Rome

Rome (Italian and Latin: Roma [ˈroːma] (listen)) is the capital city of Italy. It is also the capital of the Lazio region, the centre of the Metropolitan City of Rome, and a special comune named Comune di Roma Capitale. With 2,860,009 residents in 1,285 km2 (496.1 sq mi),[1] Rome is the country's most populated comune and the third most populous city in the European Union by population within city limits. The Metropolitan City of Rome, with a population of 4,355,725 residents, is the most populous metropolitan city in Italy.[2] Its metropolitan area is the third-most populous within Italy.[3] Rome is located in the central-western portion of the Italian Peninsula, within Lazio (Latium), along the shores of the Tiber. Vatican City (the smallest country in the world)[4] is an independent country inside the city boundaries of Rome, the only existing example of a country within a city. Rome is often referred to as the City of Seven Hills due to its geographic location, and also as the "Eternal City".[5] Rome is generally considered to be the "cradle of Western Christian culture and civilization", and the center of the Catholic Church.[6][7][8]

Rome
Roma  (Italian)
Roma Capitale
Roma
Clicking on an image in the collage causes the browser to load the appropriate article. Clockwise from top: the Colosseum, St. Peter's Basilica, Castel Sant'Angelo, Ponte Sant'Angelo, Trevi Fountain and the Pantheon
Etymology: Possibly Etruscan: Rumon, lit.'river' (See Etymology).
Nickname(s): 
Urbs Aeterna  (Latin)
The Eternal City

Caput Mundi  (Latin)
The Capital of the world

Throne of St. Peter
The territory of the comune (Roma Capitale, in red) inside the Metropolitan City of Rome (Città Metropolitana di Roma, in yellow). The white spot in the centre is Vatican City.
Rome
Location within Italy
Rome
Location within Europe
Coordinates: 41°53′36″N 12°28′58″E
Country Italy[lower-alpha 1]
Region Lazio
Metropolitan city Rome Capital
Founded753 BC
Founded byKing Romulus
Government
  TypeStrong Mayor–Council
  MayorRoberto Gualtieri (PD)
  LegislatureCapitoline Assembly
Area
  Total1,285 km2 (496.3 sq mi)
Elevation
21 m (69 ft)
Population
 (31 December 2019)
  Rank1st in Italy (3rd in the EU)
  Density2,236/km2 (5,790/sq mi)
  Comune
2,860,009[1]
  Metropolitan City
4,342,212[2]
Demonym(s)Italian: romano(i) (masculine), romana(e) (feminine)
English: Roman(s)
Time zoneUTC+1 (CET)
CAP code(s)
00100; 00118 to 00199
Area code(s)06
Websitecomune.roma.it
Official nameHistoric Centre of Rome, the Properties of the Holy See in that City Enjoying Extraterritorial Rights and San Paolo Fuori le Mura
Reference91
Inscription1980 (4th Session)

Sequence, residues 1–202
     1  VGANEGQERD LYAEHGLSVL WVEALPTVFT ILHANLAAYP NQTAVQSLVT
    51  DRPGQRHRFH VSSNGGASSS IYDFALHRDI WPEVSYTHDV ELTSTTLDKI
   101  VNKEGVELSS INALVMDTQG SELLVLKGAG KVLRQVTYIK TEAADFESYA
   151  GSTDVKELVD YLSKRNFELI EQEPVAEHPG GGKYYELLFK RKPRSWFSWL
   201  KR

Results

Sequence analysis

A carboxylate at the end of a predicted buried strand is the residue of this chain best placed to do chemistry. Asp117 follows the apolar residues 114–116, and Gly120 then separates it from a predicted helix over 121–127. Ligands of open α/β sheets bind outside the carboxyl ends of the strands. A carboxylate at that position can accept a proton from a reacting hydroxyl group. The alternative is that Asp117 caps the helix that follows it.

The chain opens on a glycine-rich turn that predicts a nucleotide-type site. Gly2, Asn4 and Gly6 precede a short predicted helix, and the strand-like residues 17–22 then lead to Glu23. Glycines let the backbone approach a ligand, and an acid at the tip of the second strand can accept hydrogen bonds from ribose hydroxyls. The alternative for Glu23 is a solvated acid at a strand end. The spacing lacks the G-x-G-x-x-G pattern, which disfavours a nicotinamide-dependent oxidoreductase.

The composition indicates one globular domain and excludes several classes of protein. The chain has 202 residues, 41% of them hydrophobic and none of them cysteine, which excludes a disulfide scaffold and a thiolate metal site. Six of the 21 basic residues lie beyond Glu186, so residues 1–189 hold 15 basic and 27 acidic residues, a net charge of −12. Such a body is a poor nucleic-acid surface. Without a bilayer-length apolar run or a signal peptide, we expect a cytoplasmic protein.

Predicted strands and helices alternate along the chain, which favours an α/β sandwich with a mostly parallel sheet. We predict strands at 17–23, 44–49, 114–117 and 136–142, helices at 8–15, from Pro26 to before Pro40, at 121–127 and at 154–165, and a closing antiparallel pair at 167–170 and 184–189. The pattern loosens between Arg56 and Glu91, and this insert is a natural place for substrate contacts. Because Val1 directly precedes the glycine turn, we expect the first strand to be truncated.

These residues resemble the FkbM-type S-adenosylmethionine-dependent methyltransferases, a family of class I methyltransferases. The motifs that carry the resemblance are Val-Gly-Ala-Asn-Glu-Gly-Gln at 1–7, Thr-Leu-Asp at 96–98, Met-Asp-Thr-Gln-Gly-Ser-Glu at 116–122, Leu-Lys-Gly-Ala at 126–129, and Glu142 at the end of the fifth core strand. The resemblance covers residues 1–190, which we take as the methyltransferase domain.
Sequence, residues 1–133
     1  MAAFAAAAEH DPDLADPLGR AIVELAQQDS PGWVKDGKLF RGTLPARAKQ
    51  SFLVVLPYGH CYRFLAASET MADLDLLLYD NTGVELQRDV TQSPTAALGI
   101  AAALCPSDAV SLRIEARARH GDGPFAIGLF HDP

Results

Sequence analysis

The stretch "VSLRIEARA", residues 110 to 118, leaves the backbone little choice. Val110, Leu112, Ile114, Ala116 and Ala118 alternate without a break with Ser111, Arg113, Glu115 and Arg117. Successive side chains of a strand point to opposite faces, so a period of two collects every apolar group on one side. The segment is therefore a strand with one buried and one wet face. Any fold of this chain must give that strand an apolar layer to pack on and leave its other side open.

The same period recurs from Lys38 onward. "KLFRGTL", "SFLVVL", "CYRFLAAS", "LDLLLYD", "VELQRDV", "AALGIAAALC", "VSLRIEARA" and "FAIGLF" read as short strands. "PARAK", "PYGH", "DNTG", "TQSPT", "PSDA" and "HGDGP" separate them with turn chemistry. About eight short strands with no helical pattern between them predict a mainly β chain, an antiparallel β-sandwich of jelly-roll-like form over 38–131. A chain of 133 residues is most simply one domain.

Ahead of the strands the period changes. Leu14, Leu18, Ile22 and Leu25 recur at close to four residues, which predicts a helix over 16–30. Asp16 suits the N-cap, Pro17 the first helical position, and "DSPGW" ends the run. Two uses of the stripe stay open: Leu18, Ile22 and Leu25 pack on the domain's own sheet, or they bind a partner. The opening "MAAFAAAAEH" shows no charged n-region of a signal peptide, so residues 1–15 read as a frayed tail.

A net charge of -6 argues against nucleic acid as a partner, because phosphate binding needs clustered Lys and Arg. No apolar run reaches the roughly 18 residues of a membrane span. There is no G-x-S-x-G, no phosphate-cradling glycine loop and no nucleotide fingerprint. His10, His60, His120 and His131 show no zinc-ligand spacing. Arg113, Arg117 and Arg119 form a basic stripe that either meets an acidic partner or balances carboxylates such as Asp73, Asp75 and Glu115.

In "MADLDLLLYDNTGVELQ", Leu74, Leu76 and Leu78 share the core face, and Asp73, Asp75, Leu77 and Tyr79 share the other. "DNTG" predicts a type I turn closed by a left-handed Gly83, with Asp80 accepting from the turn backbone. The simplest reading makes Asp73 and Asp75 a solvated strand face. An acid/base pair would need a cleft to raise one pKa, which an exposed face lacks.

Area1,431 ha (3,540 acres)
Rome City Centre
  Metro station, use fullscreen to show Termini
  Point of interest

Rome's history spans 28 centuries. While Roman mythology dates the founding of Rome at around 753 BC, the site has been inhabited for much longer, making it a major human settlement for almost three millennia and one of the oldest continuously occupied cities in Europe.[9] The city's early population originated from a mix of Latins, Etruscans, and Sabines. Eventually, the city successively became the capital of the Roman Kingdom, the Roman Republic and the Roman Empire, and is regarded by many as the first-ever Imperial city and metropolis.[10] It was first called The Eternal City (Latin: Urbs Aeterna; Italian: La Città Eterna) by the Roman poet Tibullus in the 1st century BC, and the expression was also taken up by Ovid, Virgil, and Livy.[11][12] Rome is also called "Caput Mundi" (Capital of the World). After the fall of the Empire in the west, which marked the beginning of the Middle Ages, Rome slowly fell under the political control of the Papacy, and in the 8th century, it became the capital of the Papal States, which lasted until 1870. Beginning with the Renaissance, almost all popes since Nicholas V (1447–1455) pursued a coherent architectural and urban programme over four hundred years, aimed at making the city the artistic and cultural centre of the world.[13] In this way, Rome became first one of the major centres of the Renaissance,[14] and then the birthplace of both the Baroque style and Neoclassicism. Famous artists, painters, sculptors, and architects made Rome the centre of their activity, creating masterpieces throughout the city. In 1871, Rome became the capital of the Kingdom of Italy, which, in 1946, became the Italian Republic.

In 2019, Rome was the 14th most visited city in the world, with 8.6 million tourists, the third most visited in the European Union, and the most popular tourist destination in Italy.[15] Its historic centre is listed by UNESCO as a World Heritage Site.[16] The host city for the 1960 Summer Olympics, Rome is also the seat of several specialised agencies of the United Nations, such as the Food and Agriculture Organization (FAO), the World Food Programme (WFP) and the International Fund for Agricultural Development (IFAD). The city also hosts the Secretariat of the Parliamentary Assembly of the Union for the Mediterranean[17] (UfM) as well as the headquarters of many international businesses, such as Eni, Enel, TIM, Leonardo S.p.A., and national and international banks such as Unicredit and BNL. Rome's EUR business district is the home of many oil industries, the pharmaceutical industry, and financial services companies. The presence of renowned international brands in the city has made Rome an important centre of fashion and design, and the Cinecittà Studios have been the set of many Academy Award–winning movies.[18]


Share this article:

This article uses material from the Wikipedia article Rome, and is written by contributors. Text is available under a CC BY-SA 4.0 International License; additional terms may apply. Images, videos and audio are available under their respective licenses.